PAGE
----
If two emerge at the same time, they battle to the death so that only one queen remains in the family.

After a few days the virgin queen leaves the hive and takes off on her mating flight.

All the drones follow in hot pursuit.

Up, up they soar.

Finally, all but one pursuer is left behind.

There, in midair, the two unite, but the, drone is mortally wounded when the queen wrenches free, ripping out his generative organs.

The mated queen then returns to her colony, impregnated with enough sperm to fertilize hundreds of thousands of eggs.


Communal life facts


Honey bees making honey.

Honeybees, like humans, are social animals, and even though they do not have the intelligence of men, their hives are a model of orderliness.

From their first day of life worker bees always seem to know just what to do and how to do it, even without being told.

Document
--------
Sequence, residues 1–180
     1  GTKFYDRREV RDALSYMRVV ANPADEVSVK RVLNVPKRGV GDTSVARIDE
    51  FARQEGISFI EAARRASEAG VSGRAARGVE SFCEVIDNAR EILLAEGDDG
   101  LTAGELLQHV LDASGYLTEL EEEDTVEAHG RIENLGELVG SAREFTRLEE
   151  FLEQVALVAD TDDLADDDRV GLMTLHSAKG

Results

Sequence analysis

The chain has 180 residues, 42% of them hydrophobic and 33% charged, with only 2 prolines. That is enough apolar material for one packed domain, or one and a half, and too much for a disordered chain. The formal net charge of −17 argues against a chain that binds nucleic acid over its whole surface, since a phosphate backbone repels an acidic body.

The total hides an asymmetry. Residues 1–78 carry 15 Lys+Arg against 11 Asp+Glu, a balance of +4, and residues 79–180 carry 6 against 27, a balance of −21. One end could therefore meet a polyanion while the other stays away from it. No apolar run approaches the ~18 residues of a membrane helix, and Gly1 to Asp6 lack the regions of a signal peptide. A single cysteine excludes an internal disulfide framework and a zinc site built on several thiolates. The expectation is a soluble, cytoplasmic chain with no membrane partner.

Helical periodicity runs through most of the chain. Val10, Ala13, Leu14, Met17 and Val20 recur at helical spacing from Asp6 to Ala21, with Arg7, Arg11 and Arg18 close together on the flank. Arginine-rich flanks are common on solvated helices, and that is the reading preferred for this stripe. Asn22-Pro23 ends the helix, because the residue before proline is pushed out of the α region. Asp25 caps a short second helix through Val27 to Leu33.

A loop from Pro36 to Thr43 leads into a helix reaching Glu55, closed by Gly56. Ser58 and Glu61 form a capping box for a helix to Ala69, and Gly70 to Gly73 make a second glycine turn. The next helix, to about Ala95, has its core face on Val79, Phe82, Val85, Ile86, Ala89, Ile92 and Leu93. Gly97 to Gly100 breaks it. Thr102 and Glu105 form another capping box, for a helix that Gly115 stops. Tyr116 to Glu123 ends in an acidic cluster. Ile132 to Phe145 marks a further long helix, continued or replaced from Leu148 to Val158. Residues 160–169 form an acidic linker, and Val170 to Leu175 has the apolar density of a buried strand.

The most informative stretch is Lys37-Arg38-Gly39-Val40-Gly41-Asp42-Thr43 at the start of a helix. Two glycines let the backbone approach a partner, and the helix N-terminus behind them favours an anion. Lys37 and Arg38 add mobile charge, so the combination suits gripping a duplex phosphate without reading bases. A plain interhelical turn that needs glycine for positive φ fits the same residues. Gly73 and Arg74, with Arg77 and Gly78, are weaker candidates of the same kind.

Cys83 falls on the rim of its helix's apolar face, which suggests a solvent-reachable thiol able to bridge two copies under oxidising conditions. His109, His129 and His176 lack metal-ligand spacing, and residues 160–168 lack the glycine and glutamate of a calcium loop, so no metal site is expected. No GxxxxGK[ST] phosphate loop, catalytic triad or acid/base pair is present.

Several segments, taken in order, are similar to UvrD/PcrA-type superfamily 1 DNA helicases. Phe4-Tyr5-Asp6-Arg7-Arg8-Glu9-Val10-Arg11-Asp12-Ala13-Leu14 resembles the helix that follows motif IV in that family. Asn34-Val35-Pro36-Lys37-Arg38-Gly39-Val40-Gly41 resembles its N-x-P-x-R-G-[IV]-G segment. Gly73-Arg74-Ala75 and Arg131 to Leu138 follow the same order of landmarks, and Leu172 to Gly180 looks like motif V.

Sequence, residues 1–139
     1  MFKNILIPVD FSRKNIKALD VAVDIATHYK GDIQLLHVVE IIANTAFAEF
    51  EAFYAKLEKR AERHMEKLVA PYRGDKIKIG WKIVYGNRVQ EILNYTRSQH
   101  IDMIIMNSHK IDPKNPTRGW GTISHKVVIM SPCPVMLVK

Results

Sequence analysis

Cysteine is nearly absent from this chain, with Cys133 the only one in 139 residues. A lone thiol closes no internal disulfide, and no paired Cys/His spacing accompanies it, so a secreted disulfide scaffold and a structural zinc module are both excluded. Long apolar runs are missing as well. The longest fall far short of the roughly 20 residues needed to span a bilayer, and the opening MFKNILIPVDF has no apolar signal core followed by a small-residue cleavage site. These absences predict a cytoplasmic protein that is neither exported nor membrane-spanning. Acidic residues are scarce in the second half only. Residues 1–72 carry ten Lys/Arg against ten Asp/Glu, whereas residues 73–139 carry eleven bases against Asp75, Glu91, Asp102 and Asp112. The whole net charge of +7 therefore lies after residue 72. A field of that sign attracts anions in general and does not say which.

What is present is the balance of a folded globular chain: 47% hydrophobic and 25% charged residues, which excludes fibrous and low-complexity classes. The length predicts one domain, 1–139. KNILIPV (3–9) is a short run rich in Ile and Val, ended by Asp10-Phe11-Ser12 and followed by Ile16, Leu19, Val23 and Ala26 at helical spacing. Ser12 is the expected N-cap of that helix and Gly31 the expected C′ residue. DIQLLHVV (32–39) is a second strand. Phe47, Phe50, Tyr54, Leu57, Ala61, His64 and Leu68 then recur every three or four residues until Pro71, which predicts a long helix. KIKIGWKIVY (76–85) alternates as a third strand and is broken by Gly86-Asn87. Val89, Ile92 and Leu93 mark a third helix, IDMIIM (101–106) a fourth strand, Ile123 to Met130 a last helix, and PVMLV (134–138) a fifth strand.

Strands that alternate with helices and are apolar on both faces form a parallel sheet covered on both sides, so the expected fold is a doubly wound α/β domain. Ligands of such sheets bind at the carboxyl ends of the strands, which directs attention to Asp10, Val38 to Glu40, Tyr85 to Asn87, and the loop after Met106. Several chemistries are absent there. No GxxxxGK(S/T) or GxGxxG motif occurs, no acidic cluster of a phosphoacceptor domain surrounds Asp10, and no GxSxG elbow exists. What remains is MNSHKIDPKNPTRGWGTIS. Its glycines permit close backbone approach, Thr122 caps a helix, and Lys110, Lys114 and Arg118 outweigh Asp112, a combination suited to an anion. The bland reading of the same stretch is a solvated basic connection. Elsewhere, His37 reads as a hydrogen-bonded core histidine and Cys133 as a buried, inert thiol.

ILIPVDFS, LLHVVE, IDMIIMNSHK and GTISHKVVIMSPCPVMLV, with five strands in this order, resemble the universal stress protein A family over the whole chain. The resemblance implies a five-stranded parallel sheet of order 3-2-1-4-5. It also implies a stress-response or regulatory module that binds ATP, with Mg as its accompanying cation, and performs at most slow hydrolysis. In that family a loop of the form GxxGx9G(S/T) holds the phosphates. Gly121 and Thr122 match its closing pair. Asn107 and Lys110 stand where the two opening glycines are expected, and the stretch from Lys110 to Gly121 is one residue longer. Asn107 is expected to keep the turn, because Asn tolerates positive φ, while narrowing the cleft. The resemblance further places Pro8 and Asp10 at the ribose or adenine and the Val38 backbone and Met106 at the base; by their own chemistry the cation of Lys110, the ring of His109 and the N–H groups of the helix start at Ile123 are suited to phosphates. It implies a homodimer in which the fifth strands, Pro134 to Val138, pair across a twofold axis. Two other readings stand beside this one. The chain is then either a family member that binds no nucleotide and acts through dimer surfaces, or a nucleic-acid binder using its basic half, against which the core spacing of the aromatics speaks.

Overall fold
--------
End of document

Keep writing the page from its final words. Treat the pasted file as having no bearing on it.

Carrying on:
They handle the problems of communal living with such efficiency that men are forced to sit up and take notice.

For example, any city must be kept clean, otherwise the inhabitants run the risk of disease and epidemic.

So in the hive sanitation squads are constantly on the job.

Soon after emerging from their cells, young bees busy themselves with disposing of every scrap of foreign material.

Without being urged or nagged by their elders, they lick the thousands of cells thoroughly clean, preparing them again to receive the queen’s eggs.

The result of this constant vigil is a hive that is spotlessly clean.

After a few days the milk glands of the young bees mature, and they assume the duty of caring for the young larvae.

Any mother will acknowledge that there is a lot of work to raising young ones.

But the attention children demand can never compare with the care baby larvae must receive.

After the egg hatches, the nurse bees must make some 10,000 feeding visits to each cell a visit about every minute!